Read APPENDIX of Amateur Fish Culture , free online book, by Charles Edward Walker, on


[From a correspondence upon the subject which appeared in Land and Water]

SIR, In your last issue I have read with pleasure the eminently practical notes on fish culture by Mr. Charles Walker. He is perfectly right in all he says with reference to the useful and preventive results of the use of “common garden” earth, or vegetable mould in checking any fungoid development, Saprolegnia or other. It must, however, be admitted that the said addition is not an element of beauty in a box; therefore it should be avoided, or only used when necessity dictates. However, the fry, when thoroughly restored to health, may be transferred by muslin net to another box free from earth should it be necessary to count out certain numbers for the satisfaction of customers’ orders. Again, the earth employed may, and in some waters does, give rise to other ill effects on the health of the “fry” or young fishes. Affection of the eye is not unheard of as the result of over-use of earth. Perhaps the best way to obviate any trouble of this nature would be to pound and dry the earth, and keep it in a canister or other closed vessel till required for use. Spores of fungi are nearly, if not quite, omnipresent; and their effects are so insidious that too many precautions cannot well be taken to avert the introduction of “trouble” in the hatchery. Indeed, were it not for the risks arising from attacks of fungi, pisciculture, as now understood and carried on, would be an unalloyed pleasure and unbounded success. We can practically hatch 995 out of 1,000 eggs, or thereabouts. It is the risks of rearing that stand in our road, and these, as time goes on, and experience increases, must diminish. There would appear, then, to be a good time coming for fish culture, and those who earnestly follow it.

Practice is the only safe guide, as circumstances, geological, physical, and meteorological so vary the conditions of works that no definite rule of procedure will avail. Earnest work and close observation, combined with ready resource, are the only safe guides to success. Troubles of some sort are sure to supervene; the man who succeeds is he who can anticipate, and so remedy them. To be always on the watch and notice the first indication is a very safe maxim, more easy to inculcate than to put in practice.

There can be no question but that the practical removal of difficulties in the path of fish culture is work of the highest value, well worthy the attention and acknowledgment of those in authority at Whitehall and elsewhere at home, as has been the case abroad.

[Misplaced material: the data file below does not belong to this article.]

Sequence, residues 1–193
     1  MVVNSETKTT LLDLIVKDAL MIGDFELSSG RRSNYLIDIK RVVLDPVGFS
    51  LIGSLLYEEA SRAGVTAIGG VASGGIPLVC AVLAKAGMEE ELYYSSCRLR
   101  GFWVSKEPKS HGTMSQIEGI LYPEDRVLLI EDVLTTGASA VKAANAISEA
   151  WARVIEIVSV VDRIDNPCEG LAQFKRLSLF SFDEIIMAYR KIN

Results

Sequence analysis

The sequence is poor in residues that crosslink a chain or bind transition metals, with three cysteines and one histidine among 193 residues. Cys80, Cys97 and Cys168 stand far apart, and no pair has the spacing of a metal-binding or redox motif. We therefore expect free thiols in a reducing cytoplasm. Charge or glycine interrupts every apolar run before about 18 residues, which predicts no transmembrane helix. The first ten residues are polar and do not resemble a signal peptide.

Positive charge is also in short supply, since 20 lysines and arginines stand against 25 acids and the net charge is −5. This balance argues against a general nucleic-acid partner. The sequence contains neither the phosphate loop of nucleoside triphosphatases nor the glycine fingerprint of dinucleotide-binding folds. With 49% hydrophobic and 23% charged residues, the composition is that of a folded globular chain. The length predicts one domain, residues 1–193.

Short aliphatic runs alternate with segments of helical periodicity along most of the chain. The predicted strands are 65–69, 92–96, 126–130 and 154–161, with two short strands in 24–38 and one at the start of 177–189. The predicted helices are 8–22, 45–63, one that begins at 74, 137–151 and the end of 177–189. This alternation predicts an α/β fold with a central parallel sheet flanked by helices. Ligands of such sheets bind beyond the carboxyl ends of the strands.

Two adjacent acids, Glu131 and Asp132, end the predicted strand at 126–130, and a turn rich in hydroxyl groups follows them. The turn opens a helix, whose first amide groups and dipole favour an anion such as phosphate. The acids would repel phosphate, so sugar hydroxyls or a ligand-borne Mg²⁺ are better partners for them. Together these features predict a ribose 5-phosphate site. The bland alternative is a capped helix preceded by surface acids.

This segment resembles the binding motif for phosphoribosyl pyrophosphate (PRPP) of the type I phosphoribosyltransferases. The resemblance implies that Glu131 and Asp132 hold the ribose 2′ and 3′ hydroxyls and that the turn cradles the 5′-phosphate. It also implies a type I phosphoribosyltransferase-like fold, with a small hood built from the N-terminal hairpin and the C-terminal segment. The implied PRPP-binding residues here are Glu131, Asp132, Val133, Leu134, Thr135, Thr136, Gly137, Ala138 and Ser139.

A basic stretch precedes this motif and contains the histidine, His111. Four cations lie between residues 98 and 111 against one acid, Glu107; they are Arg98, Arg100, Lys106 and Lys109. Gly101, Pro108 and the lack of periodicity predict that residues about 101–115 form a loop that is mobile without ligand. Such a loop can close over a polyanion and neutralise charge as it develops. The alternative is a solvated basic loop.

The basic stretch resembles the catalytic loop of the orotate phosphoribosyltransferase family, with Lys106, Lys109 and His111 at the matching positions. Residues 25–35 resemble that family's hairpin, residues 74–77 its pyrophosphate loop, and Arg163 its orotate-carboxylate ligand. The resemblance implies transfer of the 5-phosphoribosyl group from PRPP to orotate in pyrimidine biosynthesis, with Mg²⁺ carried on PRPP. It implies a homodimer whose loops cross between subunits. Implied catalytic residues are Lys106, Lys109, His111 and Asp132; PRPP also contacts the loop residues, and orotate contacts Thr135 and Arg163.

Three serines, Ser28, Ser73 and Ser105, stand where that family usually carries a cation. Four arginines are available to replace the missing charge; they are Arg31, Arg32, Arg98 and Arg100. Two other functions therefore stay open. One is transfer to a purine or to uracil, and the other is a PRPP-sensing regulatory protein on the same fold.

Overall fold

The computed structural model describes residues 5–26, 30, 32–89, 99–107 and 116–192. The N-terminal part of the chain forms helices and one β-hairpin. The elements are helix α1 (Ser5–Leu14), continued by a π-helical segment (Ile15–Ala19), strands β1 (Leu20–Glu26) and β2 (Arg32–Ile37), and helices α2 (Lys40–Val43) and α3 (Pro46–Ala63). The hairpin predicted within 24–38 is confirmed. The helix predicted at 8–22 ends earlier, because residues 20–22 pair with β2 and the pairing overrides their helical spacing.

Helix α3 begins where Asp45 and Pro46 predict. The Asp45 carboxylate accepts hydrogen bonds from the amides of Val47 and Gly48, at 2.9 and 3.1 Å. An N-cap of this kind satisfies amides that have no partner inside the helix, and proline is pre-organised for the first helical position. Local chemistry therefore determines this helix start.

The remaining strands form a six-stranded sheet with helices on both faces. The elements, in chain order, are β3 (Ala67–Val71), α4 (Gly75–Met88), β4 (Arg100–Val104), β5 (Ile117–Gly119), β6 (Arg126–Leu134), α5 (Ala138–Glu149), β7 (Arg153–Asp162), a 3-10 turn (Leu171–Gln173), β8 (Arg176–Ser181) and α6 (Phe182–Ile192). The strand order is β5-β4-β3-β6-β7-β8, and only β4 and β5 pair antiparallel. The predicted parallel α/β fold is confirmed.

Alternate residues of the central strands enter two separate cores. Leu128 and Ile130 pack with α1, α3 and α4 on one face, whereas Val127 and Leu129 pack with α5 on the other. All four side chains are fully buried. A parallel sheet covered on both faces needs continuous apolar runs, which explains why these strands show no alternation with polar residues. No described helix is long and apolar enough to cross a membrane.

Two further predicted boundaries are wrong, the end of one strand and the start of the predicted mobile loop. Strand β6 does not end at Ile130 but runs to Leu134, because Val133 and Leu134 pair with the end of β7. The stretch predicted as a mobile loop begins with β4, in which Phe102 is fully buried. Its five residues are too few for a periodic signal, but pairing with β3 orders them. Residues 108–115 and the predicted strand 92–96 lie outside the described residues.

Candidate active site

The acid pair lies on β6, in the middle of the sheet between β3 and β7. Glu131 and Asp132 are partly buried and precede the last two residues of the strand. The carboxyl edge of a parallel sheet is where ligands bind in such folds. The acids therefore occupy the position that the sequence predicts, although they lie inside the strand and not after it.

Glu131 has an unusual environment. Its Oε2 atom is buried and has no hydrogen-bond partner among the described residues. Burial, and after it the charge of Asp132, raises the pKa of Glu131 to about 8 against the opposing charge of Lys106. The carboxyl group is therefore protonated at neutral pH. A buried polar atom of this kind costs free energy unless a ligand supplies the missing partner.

SIR, Your correspondent “C. C. C.” in Land and Water of last week disagrees with the constant and free use of earth, which I had advocated in my article on fish culture which appeared the preceding week. Naturally one must admit that earth at the bottom of a pond is not so great an element of beauty as is clean gravel, but the advantages are so many, that beauty must give way to usefulness. Besides this, “C. C. C.” must know that it is almost impossible to keep the gravel clean enough to look pretty, when the water is inhabited by a large number of little fish which are being constantly fed. I cannot at all agree with his advice that “earth should be avoided, or only used when necessity dictates.” I believe that one of the first principles of success in fish culture is always to prevent any disease or mishap, rather than to wait for, and then try to remedy it. Trout in their natural surroundings get a dose of earth every time that there is a spate. It is very evident that the earth contains some ingredients which are not only beneficial but almost a necessity to the fish.

I have never heard of earth as an actual cure for “fungus” and should hardly think that it is active enough. There is, however, no doubt that it is one of the best preventatives to “fungus,” for if it is properly and freely used it stops all chance of any decomposing material being exposed to the action of the water, and laying the fish open to the chance of a great many evils.

If suitable earth is used once a week, and even oftener on occasions, it can do no harm, and will keep the fish safe from a great many risks besides doing them very material good. I do not of course mean that the usual weekly dose should be a large one, as this would fill up the pond before the end of the season, but that a small dose should be given generally, and a large dose occasionally. I am quite sure, too, that clean earth with some nice weeds growing in it, looks better than gravel which is dirty. Gravel shows the dirt so much, that it is almost impossible to keep it looking nice where there are many fish, and it also gives the water free access to any decomposing matter.

I have never come across a case of disease caused by the use of earth, and should like to hear the details of “C. C. C.’s” experiences with regard to this matter.